|Publication number||US5758893 A|
|Application number||US 08/607,758|
|Publication date||Jun 2, 1998|
|Filing date||Feb 27, 1996|
|Priority date||Feb 27, 1996|
|Also published as||WO1997031793A1|
|Publication number||08607758, 607758, US 5758893 A, US 5758893A, US-A-5758893, US5758893 A, US5758893A|
|Inventors||Todd M. Schultz|
|Original Assignee||Schultz; Todd M.|
|Export Citation||BiBTeX, EndNote, RefMan|
|Patent Citations (13), Non-Patent Citations (2), Referenced by (31), Classifications (7), Legal Events (3)|
|External Links: USPTO, USPTO Assignment, Espacenet|
1. Field of the Invention
The present invention relates to a trailer hitch guiding device. More particularly, it relates to a trailer hitch guiding device that permits a driver of a vehicle to back up and align the socket of a trailer coupling member with the hitch ball attached to the vehicle without the assistance of any other person or persons to direct and guide the driver.
2. Description of the Prior Art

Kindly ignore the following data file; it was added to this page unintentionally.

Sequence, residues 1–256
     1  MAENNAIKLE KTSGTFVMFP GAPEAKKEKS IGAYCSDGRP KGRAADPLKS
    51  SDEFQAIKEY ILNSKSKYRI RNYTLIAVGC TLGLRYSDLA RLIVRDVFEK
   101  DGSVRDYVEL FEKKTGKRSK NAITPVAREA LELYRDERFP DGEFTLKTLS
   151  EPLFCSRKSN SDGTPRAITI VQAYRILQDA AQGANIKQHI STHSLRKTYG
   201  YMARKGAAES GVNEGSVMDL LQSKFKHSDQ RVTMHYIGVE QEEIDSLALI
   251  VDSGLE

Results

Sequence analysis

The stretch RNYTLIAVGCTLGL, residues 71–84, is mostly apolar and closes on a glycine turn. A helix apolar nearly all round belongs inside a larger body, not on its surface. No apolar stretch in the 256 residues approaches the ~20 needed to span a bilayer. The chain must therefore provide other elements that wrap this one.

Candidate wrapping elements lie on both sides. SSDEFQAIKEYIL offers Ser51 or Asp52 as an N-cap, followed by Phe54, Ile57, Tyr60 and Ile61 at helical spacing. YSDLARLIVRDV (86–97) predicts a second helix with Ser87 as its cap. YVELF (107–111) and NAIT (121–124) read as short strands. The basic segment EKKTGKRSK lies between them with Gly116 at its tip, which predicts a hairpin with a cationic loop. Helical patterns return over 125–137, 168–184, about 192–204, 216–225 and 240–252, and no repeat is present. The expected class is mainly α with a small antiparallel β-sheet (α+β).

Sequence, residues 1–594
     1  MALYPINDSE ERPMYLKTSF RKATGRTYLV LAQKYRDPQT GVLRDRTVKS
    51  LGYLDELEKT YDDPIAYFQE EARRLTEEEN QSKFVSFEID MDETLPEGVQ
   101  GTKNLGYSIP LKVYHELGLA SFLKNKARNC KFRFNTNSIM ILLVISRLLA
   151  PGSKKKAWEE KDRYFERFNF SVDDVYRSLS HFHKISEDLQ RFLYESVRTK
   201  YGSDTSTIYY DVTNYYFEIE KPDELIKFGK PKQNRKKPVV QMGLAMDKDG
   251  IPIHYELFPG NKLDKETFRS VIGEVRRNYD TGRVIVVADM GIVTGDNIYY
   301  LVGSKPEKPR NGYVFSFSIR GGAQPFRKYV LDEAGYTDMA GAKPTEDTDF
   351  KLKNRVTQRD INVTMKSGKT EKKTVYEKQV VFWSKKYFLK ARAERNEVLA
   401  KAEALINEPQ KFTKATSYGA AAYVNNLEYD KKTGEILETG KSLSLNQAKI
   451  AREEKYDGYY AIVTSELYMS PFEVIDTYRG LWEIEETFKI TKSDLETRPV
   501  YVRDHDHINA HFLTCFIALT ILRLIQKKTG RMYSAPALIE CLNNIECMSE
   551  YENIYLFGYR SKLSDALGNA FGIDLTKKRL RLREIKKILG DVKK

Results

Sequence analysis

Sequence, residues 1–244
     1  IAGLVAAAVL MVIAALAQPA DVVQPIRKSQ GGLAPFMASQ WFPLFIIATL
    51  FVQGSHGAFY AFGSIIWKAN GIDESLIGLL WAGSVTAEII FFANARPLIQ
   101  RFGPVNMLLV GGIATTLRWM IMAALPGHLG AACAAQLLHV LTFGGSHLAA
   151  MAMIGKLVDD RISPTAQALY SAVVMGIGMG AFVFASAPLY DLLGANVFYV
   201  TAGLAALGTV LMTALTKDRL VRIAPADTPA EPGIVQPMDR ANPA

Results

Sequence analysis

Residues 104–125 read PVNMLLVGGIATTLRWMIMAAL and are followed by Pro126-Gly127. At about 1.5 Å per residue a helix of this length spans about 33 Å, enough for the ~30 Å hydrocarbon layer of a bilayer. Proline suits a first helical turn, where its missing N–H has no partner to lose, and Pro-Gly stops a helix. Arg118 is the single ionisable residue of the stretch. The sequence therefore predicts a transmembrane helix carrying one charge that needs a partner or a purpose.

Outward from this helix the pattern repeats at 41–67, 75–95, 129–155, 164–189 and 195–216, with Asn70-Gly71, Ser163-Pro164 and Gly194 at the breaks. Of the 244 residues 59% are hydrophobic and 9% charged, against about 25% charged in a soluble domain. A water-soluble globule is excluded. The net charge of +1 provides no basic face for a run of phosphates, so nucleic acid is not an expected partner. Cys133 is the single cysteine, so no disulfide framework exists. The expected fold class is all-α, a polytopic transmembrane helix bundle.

As is well known in the art, even with the assistance of a second individual to guide and direct the driver of a towing vehicle to precisely place the hitch ball on the vehicle in alignment with and directly under the socket on the trailer member can be a long and frustrating experience. The coupling elements (i.e., hitch ball and socket) are not normally visible to the driver, especially during the final increments of movement of the vehicle as it is being backed towards the trailer for hitching purposes. This process is generally carried out with the assistance of a person standing in proximity to the socket of the trailer in order to guide and direct the driver into proper hitching alignment. This long and frustrating experience is compounded when the coupling operation must be performed without the assistance of a second individual to guide and direct the driver. Thus, this lone driver must resort to the trial and error method wherein the lone driver backs the towing vehicle towards the trailer, and periodically stops the vehicle, gets out to observe the alignment and position of the hitch ball in relationship to the socket, and returns to the driver's seat to make adjustments and resume backing. This procedure must be repeated until proper alignment is achieved to place the hitch ball in longitudinal alignment with and directly under the trailer socket until the hitching process is completed. Dim light, inclement weather, uneven terrain, cargo obstructions, and other distractions further compound this trial and error procedure to effect a hitching operation by a lone individual.